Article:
Basic hotel revenue management strategies for the summer
Effective Revenue Management is about winning the war, not just the battle. One of the most common mistakes I have found Owners, General Managers, and even Revenue Managers make is focusing on one particular high demand date in a silo and not considering what maximizes revenue throughout the entire week or even the entire year. If you’ve ever decided to close Opaques, negotiated rates, OTAs, or restrict the house with a minimum length of stay on any given high demand date, you may want to consider the following scenarios:
Close Opaques (or discounts): This is often the first idea when a property discusses a high demand date. It makes complete sense to prevent what is probably the lowest rated business from staying at your hotel, but before you jump to the CLOSE decision, take a step back and consider other alternatives:
- Raise the rate. If every other hotel on the block had the idea to close their Opaques, then you are now the only hotel selling through the opaque channel and can command a rate similar to what you would sell through an OTA
- Restrict the rate. If you can sellout your hotel at a $200 rate, you definitely don’t want your $120 opaque customer for one night, but you should take their business for two nights because that will net you $40.
Raise rates: Before raising rates, determine what your business mix is for the high demand date and which rates guests are booking. If LNR or Group business is driving the occupancy in your hotel and not in your competitive set, you may end up pushing BAR business away by pricing yourself higher than the market demands.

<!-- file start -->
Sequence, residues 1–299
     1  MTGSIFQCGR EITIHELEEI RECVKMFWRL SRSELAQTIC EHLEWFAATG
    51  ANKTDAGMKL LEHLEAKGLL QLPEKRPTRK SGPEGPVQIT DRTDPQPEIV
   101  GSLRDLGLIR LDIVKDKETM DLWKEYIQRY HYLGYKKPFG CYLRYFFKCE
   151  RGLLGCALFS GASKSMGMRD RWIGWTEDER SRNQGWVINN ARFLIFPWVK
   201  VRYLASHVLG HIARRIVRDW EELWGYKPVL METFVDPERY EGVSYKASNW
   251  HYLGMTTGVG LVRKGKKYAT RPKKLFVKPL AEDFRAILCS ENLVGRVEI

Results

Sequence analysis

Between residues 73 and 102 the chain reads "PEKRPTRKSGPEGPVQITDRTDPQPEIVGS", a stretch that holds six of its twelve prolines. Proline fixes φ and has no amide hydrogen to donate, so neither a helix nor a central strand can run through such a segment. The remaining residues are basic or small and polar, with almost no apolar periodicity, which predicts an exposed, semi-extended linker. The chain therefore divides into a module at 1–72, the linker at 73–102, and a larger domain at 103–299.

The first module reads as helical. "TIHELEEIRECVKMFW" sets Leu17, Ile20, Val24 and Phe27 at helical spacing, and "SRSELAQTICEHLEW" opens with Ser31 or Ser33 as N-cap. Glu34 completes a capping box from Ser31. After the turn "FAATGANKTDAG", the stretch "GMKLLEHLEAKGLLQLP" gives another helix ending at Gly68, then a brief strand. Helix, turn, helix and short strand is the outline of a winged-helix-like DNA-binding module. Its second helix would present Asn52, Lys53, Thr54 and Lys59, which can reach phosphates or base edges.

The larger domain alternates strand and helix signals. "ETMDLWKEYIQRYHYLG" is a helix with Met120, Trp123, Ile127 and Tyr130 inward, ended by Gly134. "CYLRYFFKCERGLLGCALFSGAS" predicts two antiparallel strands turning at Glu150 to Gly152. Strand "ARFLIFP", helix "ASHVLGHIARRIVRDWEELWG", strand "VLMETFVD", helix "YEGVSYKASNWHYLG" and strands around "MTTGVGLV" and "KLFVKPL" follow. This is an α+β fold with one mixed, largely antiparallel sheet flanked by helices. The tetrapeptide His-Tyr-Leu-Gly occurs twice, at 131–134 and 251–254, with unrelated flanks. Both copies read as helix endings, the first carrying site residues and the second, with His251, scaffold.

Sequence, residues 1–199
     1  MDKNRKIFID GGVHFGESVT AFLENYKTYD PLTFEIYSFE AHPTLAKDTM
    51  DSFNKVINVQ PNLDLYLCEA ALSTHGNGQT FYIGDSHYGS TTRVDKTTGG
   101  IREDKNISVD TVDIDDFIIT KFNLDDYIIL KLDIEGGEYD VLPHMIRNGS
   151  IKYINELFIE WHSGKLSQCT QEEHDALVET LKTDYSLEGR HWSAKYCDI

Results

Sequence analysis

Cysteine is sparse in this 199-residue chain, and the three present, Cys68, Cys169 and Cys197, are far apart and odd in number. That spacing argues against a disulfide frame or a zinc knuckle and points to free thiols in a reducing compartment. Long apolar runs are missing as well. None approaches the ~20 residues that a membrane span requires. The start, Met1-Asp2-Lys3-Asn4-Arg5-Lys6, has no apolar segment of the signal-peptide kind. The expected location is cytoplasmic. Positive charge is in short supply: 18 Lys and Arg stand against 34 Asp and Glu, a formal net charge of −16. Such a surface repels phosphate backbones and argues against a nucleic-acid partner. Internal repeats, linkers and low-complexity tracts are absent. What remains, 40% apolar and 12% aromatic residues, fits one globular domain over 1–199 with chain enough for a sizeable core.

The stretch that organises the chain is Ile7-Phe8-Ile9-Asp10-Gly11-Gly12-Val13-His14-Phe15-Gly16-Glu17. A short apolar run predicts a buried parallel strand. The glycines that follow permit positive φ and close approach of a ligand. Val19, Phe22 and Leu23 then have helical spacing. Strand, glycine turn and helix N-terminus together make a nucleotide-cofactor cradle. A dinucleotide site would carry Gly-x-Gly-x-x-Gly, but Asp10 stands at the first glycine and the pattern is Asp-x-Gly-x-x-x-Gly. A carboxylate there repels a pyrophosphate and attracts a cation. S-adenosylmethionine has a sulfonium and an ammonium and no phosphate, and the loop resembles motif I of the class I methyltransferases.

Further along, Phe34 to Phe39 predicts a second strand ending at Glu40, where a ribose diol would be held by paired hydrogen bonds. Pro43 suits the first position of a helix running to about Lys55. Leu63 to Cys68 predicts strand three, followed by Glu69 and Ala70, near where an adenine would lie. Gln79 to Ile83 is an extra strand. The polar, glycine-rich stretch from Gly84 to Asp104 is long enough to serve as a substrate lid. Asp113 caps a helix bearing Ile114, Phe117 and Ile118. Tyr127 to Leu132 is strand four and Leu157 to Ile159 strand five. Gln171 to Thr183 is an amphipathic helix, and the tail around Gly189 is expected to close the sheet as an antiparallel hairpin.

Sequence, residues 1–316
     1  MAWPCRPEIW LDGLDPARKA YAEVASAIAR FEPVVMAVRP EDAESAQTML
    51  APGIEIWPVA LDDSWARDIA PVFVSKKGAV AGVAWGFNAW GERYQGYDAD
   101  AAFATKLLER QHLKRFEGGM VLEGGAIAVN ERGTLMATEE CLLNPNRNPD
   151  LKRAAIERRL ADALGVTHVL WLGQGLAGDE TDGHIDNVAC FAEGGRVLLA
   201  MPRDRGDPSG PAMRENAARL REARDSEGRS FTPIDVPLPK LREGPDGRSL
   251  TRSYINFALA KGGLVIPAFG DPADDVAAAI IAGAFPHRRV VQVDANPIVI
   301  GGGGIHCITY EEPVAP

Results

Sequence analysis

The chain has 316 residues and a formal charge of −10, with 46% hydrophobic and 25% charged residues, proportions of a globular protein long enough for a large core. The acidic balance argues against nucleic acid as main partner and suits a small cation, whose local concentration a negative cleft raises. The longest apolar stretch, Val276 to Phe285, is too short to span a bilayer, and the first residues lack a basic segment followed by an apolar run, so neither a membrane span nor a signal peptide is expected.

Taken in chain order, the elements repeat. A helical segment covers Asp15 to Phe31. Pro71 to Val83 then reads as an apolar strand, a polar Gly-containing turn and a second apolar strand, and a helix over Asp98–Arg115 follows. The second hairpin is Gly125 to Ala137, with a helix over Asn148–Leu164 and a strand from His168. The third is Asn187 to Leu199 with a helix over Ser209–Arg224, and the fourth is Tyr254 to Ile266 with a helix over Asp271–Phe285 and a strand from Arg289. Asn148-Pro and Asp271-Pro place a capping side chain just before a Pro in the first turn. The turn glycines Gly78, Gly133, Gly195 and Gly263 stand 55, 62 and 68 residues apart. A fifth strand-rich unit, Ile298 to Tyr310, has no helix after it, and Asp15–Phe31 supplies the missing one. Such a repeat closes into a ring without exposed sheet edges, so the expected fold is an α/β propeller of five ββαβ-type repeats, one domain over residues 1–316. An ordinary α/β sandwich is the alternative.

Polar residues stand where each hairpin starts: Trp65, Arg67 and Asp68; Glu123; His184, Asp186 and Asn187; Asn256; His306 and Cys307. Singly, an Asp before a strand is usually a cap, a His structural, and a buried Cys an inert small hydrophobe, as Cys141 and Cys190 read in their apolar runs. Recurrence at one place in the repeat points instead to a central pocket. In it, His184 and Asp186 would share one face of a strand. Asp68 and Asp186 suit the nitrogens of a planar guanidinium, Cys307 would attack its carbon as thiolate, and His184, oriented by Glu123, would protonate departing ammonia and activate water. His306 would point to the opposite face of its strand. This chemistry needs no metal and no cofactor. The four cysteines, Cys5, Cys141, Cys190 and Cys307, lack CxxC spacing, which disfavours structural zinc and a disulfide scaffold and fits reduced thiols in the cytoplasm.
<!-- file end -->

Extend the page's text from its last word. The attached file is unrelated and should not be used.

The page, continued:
Restrict the house with a minimum length of stay: This concept demonstrates an understanding for driving business to shoulder dates, but it may not be ideal for maximizing revenue. First, you have to understand what the demand driver is for the high demand date and determine if demand exists for multiple lengths of stay. If a Saturday night concert is driving demand, is forcing a Sunday night stay really in your best interest, or is it going to essentially close your hotel on Saturday? Second, you should consider length of stay pricing. Once you determine the stay patterns for the event, you may find that offering a significantly higher rate for 1 night than for 2 nights yields higher revenue than closing out a 1 night stay entirely.
The prior scenarios demonstrate a Revenue Management concept called Last Room Value, which is the rate at which you would be able to sell the last room in your hotel, but I would like to take this concept one step further and say that it does not take into consideration relationships…
Close negotiated rates and OTAs: If your property’s BAR rate is $100, and your last room value is $90, would it make sense to leave your OTA with a 20% margin or a $75 LNR open? In a one day silo, definitely not, but over the course of many months, it probably is. Keeping OTAs available will increase placement and conversion over time, and keeping your negotiated rates open for your best clients may earn you more business during shoulder periods.
For all of these scenarios, just keep in mind that your daily RevPAR index may be lower, but your weekly and monthly STRs will pleasantly surprise you!